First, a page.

Key Point: When I create good content, it attracts good traffic, because only people who care about our product care about the subject matter I write about.
Build an engaged audience
When your content is awesome, you can build a community around it. People who get value from your content (whether it’s educational, entertaining, inspiring, or any other adjective) will keep coming back, keep commenting, and keep sharing with their friends.
This engaged audience is invaluable. Yes, many of them may become loyal customers, but let’s put that to the side for now.
Their value is in their enthusiasm.
Their commenting on your social media posts encourages other people to do so.
Their social sharing increases brand awareness, and the the chance your business is seen by people like them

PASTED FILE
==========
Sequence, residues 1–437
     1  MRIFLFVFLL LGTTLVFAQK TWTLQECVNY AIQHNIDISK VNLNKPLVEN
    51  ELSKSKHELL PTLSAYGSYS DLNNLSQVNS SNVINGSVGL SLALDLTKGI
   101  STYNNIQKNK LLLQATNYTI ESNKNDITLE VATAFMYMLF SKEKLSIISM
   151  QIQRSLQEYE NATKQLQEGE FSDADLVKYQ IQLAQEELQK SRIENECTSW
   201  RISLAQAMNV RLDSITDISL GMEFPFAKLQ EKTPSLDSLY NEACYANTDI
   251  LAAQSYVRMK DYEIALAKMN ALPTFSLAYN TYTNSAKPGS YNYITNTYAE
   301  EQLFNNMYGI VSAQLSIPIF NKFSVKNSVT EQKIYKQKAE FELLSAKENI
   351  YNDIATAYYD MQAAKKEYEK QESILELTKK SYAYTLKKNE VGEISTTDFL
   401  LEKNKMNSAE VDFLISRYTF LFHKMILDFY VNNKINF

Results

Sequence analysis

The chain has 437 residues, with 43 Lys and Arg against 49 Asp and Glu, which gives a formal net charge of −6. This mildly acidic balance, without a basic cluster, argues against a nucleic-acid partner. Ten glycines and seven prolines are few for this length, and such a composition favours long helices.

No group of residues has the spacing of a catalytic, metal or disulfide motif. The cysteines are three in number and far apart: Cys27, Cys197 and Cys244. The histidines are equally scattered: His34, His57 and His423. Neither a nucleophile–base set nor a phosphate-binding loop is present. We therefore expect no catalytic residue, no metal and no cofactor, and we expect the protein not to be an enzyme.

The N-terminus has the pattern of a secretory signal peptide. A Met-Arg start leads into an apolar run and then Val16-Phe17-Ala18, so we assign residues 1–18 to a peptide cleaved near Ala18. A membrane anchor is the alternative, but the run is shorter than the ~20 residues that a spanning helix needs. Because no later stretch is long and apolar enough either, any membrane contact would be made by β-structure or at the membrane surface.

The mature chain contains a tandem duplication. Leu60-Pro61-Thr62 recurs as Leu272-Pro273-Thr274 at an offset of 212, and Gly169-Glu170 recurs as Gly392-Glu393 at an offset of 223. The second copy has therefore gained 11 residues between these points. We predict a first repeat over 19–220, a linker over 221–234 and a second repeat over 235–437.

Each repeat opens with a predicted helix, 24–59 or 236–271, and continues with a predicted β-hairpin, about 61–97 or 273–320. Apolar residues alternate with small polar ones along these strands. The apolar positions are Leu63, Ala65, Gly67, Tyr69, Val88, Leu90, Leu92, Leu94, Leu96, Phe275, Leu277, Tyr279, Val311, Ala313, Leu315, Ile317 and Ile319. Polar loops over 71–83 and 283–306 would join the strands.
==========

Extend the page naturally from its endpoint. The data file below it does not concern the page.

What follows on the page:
Their opening of your emails increase your email reputation
Key Point: An engaged audience begets an engaged audience.
This is the true value of content marketing, by the way. The organic nature of it. There’s a reason we talk about content as “evergreen,” or “growing” your subscribers. Good content grows naturally: popularity drives popularity; subscribers drive more subscribers; awareness drives awareness.
Here’s an example of “engaging” content from ecommerce company Harry’s:
This type of article, though not related directly to their product, focuses on a subject matter their target market (middle-class males) cares about.
Key Point: The example above is a valuable piece of content. It’s also a piece of content which increases trust. That trust means that when, down the line, a prospective customer sees an article from Harry’s about how they need to start moisturizing (with AcmeGel©!) they trust them.
Get new customers
Content marketing isn’t all top-of-funnel, though. It’s more than traffic and awareness. This section will cover the value of content marketing in terms of real-world, concrete, dollars and cents.